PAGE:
Head of a female statue
This head was once part of a large (over life-size) statue. The neck and upper part of chest has been formed in a wedge-like shape, to be set into the body of the statue. The face and neck are perfectly finished and burnished. The eyes were inset in another material. The hairstyle has been worked only on the front. The back side is unfinished and ends in a plain bun; most probably, this part was covered by a separate element, perhaps a marble peplos, which was set on a deep rectangular cutting found slightly above the forehead (dimensions 2.5 X 6 cm, depth 5.5. cm).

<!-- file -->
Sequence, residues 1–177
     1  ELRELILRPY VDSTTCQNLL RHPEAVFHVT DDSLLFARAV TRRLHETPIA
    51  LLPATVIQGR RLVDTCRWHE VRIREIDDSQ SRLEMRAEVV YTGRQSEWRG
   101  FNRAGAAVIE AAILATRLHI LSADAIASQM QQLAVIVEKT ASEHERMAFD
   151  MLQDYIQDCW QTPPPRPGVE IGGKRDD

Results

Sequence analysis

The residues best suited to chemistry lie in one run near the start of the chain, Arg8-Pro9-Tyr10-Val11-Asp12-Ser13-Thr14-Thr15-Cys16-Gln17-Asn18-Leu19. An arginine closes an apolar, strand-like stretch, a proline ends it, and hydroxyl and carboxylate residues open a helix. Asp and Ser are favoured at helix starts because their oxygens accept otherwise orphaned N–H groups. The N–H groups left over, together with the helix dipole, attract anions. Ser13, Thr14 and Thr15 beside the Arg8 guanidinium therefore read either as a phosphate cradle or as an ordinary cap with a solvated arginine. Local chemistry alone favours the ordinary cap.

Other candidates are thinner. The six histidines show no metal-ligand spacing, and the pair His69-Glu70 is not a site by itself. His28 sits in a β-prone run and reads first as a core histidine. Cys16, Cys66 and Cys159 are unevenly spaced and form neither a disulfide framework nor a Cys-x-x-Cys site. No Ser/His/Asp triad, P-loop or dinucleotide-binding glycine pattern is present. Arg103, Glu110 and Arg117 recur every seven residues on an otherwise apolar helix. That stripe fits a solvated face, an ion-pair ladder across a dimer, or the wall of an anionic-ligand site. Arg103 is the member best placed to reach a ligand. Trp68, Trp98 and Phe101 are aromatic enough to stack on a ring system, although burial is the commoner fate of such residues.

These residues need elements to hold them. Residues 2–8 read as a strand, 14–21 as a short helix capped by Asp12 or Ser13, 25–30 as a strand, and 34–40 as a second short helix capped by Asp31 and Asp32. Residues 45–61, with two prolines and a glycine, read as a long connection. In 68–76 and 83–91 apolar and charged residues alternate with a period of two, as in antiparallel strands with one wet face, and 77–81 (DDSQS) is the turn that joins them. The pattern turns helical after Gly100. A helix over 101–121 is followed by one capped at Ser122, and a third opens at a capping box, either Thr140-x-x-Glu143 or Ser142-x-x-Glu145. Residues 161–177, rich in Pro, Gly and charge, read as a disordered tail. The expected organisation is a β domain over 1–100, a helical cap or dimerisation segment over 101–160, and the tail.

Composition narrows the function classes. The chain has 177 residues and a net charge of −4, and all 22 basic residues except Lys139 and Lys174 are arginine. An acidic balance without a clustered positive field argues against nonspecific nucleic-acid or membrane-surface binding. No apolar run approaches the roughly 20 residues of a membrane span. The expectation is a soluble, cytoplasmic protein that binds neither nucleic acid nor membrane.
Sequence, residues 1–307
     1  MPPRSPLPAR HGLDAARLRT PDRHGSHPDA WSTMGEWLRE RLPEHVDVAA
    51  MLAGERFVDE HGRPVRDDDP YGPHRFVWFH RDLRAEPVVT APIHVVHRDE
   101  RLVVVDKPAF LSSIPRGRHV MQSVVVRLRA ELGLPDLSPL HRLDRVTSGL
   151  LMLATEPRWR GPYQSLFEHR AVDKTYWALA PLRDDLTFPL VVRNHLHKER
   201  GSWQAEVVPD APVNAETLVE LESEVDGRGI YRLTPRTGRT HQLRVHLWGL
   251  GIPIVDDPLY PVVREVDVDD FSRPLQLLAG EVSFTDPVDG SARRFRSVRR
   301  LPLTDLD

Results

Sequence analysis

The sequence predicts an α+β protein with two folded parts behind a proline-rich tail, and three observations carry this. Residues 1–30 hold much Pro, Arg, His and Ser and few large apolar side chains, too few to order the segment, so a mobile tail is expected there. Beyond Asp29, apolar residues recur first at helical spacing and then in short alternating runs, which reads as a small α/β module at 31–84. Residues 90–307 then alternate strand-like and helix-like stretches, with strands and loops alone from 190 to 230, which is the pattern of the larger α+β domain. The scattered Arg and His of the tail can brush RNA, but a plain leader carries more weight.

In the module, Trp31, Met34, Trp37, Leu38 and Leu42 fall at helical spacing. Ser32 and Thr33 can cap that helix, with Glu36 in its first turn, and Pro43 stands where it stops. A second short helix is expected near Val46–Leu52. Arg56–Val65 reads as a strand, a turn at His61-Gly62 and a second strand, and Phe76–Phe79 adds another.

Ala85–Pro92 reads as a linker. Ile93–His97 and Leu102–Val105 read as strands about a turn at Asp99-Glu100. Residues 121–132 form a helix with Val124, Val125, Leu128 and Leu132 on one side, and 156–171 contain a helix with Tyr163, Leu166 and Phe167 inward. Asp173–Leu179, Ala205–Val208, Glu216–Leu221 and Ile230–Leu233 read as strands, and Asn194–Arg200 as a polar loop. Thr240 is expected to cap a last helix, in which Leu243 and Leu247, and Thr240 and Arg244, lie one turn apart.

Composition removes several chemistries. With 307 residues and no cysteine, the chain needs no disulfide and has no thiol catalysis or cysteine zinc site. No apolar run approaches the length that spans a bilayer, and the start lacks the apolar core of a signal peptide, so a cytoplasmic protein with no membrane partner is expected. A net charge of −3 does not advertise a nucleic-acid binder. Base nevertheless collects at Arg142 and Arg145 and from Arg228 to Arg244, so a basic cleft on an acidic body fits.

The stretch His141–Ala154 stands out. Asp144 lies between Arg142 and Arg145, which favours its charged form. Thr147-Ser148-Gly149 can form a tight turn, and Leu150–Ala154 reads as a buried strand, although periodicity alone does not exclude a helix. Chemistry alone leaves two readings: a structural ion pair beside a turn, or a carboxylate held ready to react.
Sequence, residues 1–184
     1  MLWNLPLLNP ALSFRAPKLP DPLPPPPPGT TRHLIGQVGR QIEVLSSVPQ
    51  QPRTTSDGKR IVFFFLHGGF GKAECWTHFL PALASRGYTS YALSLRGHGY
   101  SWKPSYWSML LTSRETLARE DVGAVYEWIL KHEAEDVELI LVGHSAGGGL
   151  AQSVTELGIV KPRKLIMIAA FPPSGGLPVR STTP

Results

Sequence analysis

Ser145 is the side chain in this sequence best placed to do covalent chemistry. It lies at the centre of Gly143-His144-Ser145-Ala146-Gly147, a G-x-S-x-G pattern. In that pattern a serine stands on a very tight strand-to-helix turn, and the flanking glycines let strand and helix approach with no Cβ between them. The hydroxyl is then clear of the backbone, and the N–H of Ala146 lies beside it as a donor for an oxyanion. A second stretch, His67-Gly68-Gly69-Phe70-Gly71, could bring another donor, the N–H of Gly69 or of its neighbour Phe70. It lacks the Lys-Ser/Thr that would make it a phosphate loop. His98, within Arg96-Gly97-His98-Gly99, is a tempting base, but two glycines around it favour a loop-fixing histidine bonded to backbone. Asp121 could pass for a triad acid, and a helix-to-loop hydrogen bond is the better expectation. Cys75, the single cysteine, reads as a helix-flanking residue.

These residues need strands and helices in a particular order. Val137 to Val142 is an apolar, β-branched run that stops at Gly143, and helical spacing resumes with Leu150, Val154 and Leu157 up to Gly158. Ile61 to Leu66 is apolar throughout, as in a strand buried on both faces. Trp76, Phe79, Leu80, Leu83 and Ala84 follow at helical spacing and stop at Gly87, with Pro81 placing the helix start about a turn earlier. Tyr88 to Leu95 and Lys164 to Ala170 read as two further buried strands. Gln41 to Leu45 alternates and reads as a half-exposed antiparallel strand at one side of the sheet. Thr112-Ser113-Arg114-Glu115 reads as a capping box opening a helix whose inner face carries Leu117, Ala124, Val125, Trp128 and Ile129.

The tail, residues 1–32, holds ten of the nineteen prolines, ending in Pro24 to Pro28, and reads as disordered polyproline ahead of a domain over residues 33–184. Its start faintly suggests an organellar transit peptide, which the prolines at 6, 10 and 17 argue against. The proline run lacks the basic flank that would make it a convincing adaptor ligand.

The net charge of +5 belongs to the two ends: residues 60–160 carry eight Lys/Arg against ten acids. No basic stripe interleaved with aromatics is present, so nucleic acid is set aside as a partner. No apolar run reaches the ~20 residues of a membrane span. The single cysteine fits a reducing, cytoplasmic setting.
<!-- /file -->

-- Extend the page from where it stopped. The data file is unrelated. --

The head is reminiscent of the type of Hera Borghese, which is believed to imitate a 5th c. BC original marble statue by a member of the school of Phidias (possibly Agorakritos) or a bronze statue of Aphrodite by Polykleitos.
The stylistic and technical traits of the sculpture indicated a Roman date, most probably at the time of Hadrian (2nd c. AD). The size of the head and the overall appearance suggest that it was the cult statue of a goddess (Hera or Aphrodite) or of a deified Roman Empress who was given Classical characteristics to resemble a divinity.
– Choremi-Spetsieri Α. 2006. Cat. no. 108, in Choremi-Spetsieri Α. – Zarkadas Α. (eds), The Paul and Alexandra Canellopoulos Museum. Ancient Art, Athens, 178-181.